Monday, February 23, 2015

Ode to Big Mountain - for jboog

I was thinking about you
What lies in the folds therein?
Your place is longtime back 
with elements equipped
to rattle the cages of men

O big Mountain, dare I say... rattle me?

Friday, February 20, 2015

The Rattlesnake
A True Story by Walt Gooden

One day in Kansas, I was doing my math lesson. I had just finished the last math problem. I went outside. Strangely it looked like dad was looking down a pole. It only took a second for me to realize it was a gun. Our dog Flip was growling menacingly, so I thought Dad was shooting at something. Mom noticed me and said, “Stay on the porch,” so I did. Then I saw dad pick up his hoe. That’s when I knew why. It was a rattlesnake, a big Timber rattler about three and a half feet long. It was as fat as my wrist. Dad brought the hoe down on its head. Then he called to me and Ella and said, “Time for your science lesson.”  We got to see the insides of a rattlesnake and we ate it the next day. We grilled it. It kind of tasted like smoked salmon.  If I ever get the chance, I will eat it again.      

Team Awesomeness
by Obadiah Oakley

Keil, Walt, Ella and Aiden are the 3rd and 4th Battle of the Books team. Keilan is the thinker. Aiden is the alternate. Ella is the writer. Walt is the speaker. They read 15 books then they go on Skype and answer questions such as, “In which book does a character hate to throw away a moldy fish stick?” One team answers, then the other. Whoever answers the most questions correctly wins. On Wednesday, February 18, Team Awesomeness went to state and tied for 7th place in the whole state. Battling lasted from 9:00am to 1:00pm. Team member Keilan Wassillie said, “It was awesome! We got to do lots of fun stuff like reading funny books.”  “There was lots of tension,” says Walt Gooden, “Each time a question was asked, I started to sweat!” After the battles, team coach AlexAnna Salmon said she was relieved and proud. All the students will do it again next year.

Tuesday, February 17, 2015

Fish and Wildlife Visit.

Bird Art using cutouts
            On January 20th, Fish and Wildlife agents, Sara and Katie, came to teach us about Art, birds, skulls, mammals and so on. They taught us how to determine the age of skulls. On the skulls they taught us about how to find if they were Carnivores or Herbivores. We found that out by looking at their teeth. They also taught us about art because we get to draw birds for a calendar and a literature piece, like a poem. We have to submit that in. When they were here we went on a couple walks to see and try finding animal tracks. They told us to guess what it was. It was fun having them here.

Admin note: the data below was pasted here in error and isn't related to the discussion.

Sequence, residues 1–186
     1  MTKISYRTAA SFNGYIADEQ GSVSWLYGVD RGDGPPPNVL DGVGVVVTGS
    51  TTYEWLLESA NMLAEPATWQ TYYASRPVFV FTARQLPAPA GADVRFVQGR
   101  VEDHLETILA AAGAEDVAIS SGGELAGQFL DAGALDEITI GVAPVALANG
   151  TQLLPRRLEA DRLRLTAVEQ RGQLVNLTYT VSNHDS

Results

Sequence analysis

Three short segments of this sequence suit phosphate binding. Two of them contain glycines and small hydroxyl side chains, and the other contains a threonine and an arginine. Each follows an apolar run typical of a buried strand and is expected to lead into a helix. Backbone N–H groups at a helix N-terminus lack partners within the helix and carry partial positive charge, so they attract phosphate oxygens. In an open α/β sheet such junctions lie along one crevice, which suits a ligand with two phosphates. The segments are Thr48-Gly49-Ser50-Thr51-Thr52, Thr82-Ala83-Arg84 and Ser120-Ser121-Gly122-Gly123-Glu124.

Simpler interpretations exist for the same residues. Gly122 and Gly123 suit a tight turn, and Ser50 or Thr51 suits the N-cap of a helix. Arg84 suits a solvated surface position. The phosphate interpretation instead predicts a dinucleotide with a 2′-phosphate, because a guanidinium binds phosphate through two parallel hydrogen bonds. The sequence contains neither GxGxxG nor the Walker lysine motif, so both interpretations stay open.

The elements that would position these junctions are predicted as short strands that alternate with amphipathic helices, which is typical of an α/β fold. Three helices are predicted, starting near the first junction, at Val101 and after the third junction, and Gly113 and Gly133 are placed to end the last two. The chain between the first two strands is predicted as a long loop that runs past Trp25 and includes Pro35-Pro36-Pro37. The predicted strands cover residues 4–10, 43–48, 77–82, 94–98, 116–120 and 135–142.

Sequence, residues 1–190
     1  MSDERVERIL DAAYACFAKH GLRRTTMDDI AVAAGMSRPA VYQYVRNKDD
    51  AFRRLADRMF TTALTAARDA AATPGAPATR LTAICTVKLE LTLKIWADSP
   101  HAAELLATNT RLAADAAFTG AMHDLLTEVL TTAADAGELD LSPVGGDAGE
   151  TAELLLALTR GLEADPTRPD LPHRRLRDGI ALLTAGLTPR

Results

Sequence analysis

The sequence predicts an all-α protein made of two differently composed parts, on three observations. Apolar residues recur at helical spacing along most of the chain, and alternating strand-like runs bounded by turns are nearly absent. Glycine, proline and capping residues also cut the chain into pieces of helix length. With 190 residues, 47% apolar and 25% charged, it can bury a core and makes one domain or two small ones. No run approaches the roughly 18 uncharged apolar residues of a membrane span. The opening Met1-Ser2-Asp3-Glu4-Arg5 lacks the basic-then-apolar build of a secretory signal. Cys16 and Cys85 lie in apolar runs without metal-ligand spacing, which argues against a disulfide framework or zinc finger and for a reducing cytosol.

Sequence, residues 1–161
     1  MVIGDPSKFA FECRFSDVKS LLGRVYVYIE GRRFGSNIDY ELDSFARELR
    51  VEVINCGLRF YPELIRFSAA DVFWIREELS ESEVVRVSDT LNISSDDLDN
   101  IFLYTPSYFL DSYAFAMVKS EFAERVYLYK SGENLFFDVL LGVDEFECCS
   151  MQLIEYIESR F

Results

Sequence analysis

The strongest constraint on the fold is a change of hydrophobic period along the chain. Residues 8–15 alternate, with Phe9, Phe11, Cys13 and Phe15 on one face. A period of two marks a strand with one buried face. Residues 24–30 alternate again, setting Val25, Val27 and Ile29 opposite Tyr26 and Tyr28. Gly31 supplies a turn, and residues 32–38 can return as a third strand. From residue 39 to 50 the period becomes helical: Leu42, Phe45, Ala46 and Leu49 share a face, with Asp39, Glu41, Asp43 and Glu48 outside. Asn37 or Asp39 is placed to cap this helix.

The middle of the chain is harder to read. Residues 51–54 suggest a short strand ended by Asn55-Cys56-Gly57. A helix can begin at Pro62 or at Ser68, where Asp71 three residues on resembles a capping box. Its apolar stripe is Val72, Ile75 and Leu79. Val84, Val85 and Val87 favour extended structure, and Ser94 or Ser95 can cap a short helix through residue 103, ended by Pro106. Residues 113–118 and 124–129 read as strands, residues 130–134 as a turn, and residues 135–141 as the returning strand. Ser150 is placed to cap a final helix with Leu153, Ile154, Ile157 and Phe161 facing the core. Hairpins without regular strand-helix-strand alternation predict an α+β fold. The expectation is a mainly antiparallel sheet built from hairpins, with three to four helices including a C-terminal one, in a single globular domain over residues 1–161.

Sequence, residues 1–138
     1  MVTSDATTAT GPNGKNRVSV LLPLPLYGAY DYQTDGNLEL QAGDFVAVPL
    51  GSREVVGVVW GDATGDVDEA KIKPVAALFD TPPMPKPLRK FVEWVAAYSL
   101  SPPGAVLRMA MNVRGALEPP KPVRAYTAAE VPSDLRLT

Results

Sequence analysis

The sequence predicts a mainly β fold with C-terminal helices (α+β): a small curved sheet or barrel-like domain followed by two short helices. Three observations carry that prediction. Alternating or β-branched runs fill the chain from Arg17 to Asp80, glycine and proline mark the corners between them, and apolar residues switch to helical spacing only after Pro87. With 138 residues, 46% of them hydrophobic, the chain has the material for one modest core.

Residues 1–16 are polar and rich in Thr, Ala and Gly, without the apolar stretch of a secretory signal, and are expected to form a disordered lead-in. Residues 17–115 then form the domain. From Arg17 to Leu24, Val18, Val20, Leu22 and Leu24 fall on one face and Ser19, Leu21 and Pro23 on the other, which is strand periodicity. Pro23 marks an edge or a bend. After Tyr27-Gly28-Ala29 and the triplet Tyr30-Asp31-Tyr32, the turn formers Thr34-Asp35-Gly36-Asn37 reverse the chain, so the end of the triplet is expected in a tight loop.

A seahawk and a loon

Crunch, crunch

Tuesday, February 3, 2015

Running around like a chicken with its head cut off

On the 19th of January 2015 we killed and plucked chickens. First we chopped a chicken’s head off, and watched it run around and die. For all the other chickens we only slit the jugular. The Jugular is on the left side toward the back of the neck. We put the chickens upside down in a cone and slit its jugular and I think it was brutal and violent. I didn’t like watching them get killed. 

The Chicken Whisperer.
Home grown
After the blood was drained, we dunked the chickens in the pot of water that was 150°f, we did that about 5-6 times each so the feathers could come off easy.  I didn’t like plucking them. The killing was done at the Green House by the dump. The reason why we killed them is for food, knowledge, to learn how to pluck, gut, and butcher them. The chickens were old and weren’t giving us eggs. Also the chickens were out of chicken food. The elementary made chicken noodle soup for Kvichak Cafe on January 23, 2015.  It made some of the best chicken noodle soup I ever had.  As Shea said, "It was home grown."

Welcome the Kvichak Cafe!


Pearl Oyster Mushrooms.
On January 13th Mr. Gooden gave us a science project to grow mushrooms. Taty and I had a pearl oyster mushroom project which came in a bag with a mixture of sawdust and pearl oyster mycelium. It also came with a humidity bag, which increases the humidity so the mushrooms can grow better. All that Taty and I had to do is get a wire coat hangar and twist from the top of the bag to the stem of the mushroom bag and then cover with the humidity tent. Then we had to mist it 2-3 times a day until it grew tiny buds. After 2 weeks or so the pearl oyster mushrooms grew bigger until Mr. Gooden cut them off.  On Tuesday the 20th,, in the morning Mr. Gooden made pearl oyster egg scramble, which I didn’t get to have because I wasn’t there to have some since I was in the elementary room. The other groups have other mushrooms that are called shittakes, blue oysters, and King of Stropharia.  We are growing these because we want to learn about how mushrooms grow.  We ordered the mushroom kits from Fungi Perfect.

Breakfast: Pearl Oyster Egg Scramble,